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Russel Brand on addiction, Philip Seymour Hoffman, Justin Beiber, and Miley Cyrus.

[link to the original article]

 

Philip Seymour Hoffman’s death was not on the bill.

If it’d been the sacrifice of Miley Cyrus or Justin Bieber, that we are invited to anticipate daily, we could delight in the Faustian justice of the righteous dispatch of a fast-living, sequin-spattered denizen of eMpTyV. We are tacitly instructed to await their demise with necrophilic sanctimony. When the end comes, they screech on Fox and TMZ, it will be deserved. The Mail provokes indignation, luridly baiting us with the sidebar that scrolls from the headline down to hell.

But Philip Seymour Hoffman? A middle-aged man, a credible and decorated actor, the industrious and unglamorous artisan of Broadway and serious cinema? The disease of addiction recognises none of these distinctions. Whilst routinely described as tragic, Hoffman’s death is insufficiently sad to be left un-supplemented in the mandatory posthumous scramble for salacious garnish; we will now be subjected to mourn-ography posing as analysis. I can assure you that there is no as yet undiscovered riddle in his domestic life or sex life, the man was a drug addict and his death inevitable.

A troubling component of this sad loss is the complete absence of hedonism. Like a lot of drug addicts, probably most, who “go over”, Hoffman was alone when he died. This is an inescapably bleak circumstance. When we reflect on Bieber’s Louis Vuitton embossed, Lamborghini cortege it is easy to equate addiction with indulgence and immorality. The great actor dying alone denies us this required narrative prang.

The reason I am so non-judgmental of Hoffman or Bieber and so condemnatory of the pop cultural tinsel that adorns the reporting around them is that I am a drug addict in recovery, so like any drug addict I know exactly how Hoffman felt when he “went back out”. In spite of his life seeming superficially great, in spite of all the praise and accolades, in spite of all the loving friends and family, there is a predominant voice in the mind of an addict that supersedes all reason and that voice wants you dead. This voice is the unrelenting echo of an unfulfillable void.

Addiction is a mental illness around which there is a great deal of confusion, which is hugely exacerbated by the laws that criminalise drug addicts.

If drugs are illegal people who use drugs are criminals. We have set our moral compass on this erroneous premise, and we have strayed so far off course that the landscape we now inhabit provides us with no solutions and greatly increases the problem.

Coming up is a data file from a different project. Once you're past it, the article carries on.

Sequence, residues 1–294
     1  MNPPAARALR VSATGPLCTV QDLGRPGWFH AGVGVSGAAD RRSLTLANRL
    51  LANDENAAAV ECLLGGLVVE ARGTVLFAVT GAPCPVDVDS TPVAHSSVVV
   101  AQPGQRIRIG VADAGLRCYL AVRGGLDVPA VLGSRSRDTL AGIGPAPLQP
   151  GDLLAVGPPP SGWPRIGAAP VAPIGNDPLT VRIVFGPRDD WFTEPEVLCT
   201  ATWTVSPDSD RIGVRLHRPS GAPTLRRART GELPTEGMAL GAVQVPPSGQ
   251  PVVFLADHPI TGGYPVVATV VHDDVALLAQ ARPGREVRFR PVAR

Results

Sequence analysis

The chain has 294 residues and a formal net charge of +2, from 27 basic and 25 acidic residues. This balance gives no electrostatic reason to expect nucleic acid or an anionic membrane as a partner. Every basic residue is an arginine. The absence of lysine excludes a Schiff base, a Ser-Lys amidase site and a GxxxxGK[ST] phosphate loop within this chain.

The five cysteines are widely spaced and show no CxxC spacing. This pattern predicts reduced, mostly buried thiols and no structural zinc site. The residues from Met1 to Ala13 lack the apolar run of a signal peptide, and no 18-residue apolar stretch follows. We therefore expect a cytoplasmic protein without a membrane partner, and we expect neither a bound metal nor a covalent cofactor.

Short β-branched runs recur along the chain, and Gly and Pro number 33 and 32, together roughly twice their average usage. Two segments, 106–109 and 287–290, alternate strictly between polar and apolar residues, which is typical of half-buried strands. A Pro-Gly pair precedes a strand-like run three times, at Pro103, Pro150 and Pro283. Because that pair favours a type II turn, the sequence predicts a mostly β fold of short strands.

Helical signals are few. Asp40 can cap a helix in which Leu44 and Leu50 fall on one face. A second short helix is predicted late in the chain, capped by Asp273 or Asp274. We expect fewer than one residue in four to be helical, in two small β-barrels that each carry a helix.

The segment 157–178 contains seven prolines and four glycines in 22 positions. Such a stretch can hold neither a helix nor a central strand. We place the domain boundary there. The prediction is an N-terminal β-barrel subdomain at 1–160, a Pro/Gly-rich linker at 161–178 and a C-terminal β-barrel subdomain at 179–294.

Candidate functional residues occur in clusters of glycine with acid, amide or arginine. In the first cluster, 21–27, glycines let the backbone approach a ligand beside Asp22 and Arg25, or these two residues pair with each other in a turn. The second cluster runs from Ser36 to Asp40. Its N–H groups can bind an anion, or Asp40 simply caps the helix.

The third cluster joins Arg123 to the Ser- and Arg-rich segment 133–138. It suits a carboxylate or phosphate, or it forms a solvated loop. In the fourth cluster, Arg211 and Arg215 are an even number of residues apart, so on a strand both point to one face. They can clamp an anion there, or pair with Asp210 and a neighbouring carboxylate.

This is an important moment in history; we know that prohibition does not work. We know that the people who devise drug laws are out of touch and have no idea how to reach a solution. Do they even have the inclination? The fact is their methods are so gallingly ineffective that it is difficult not to deduce that they are deliberately creating the worst imaginable circumstances to maximise the harm caused by substance misuse.

People are going to use drugs; no self-respecting drug addict is even remotely deterred by prohibition. What prohibition achieves is an unregulated, criminal-controlled, sprawling, global mob-economy, where drug users, their families and society at large are all exposed to the worst conceivable version of this regrettably unavoidable problem.

Countries like Portugal and Switzerland that have introduced progressive and tolerant drug laws have seen crime plummet and drug-related deaths significantly reduced. We know this. We know this system doesn’t work – and yet we prop it up with ignorance and indifference. Why? Wisdom is acting on knowledge. Now we are aware that our drug laws aren’t working and that alternatives are yielding positive results, why are we not acting? Tradition? Prejudice? Extreme stupidity? The answer is all three. Change is hard, apathy is easy, tradition is the narcotic of our rulers. The people who are most severely affected by drug prohibition are dispensable, politically irrelevant people. Poor people. Addiction affects all of us but the poorest pay the biggest price.

Philip Seymour Hoffman’s death is a reminder, though, that addiction is indiscriminate. That it is sad, irrational and hard to understand. What it also clearly demonstrates is that we are a culture that does not know how to treat its addicts. Would Hoffman have died if this disease were not so enmeshed in stigma? If we weren’t invited to believe that people who suffer from addiction deserve to suffer? Would he have OD’d if drugs were regulated, controlled and professionally administered? Most importantly, if we insisted as a society that what is required for people who suffer from this condition is an environment of support, tolerance and understanding.

The troubling message behind Philip Seymour Hoffman’s death, which we all feel without articulating, is that it was unnecessary and we know that something could be done. We also know what that something is and yet, for some traditional, prejudicial, stupid reason we don’t do it.

• Caroline Lucas, the Green MP for Brighton, is petitioning for an inquiry into UK drug laws: sign here.

 

Russel Brand on…

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“Overcoming poverty is not a task of charity, it is an act of justice. Like Slavery and Apartheid, poverty is not natural. It is man-made and it can be overcome and eradicated by the actions of human beings.”

-Nelson Mandela.

“Overcoming po…

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Thoughts on Macklemore’s Same Love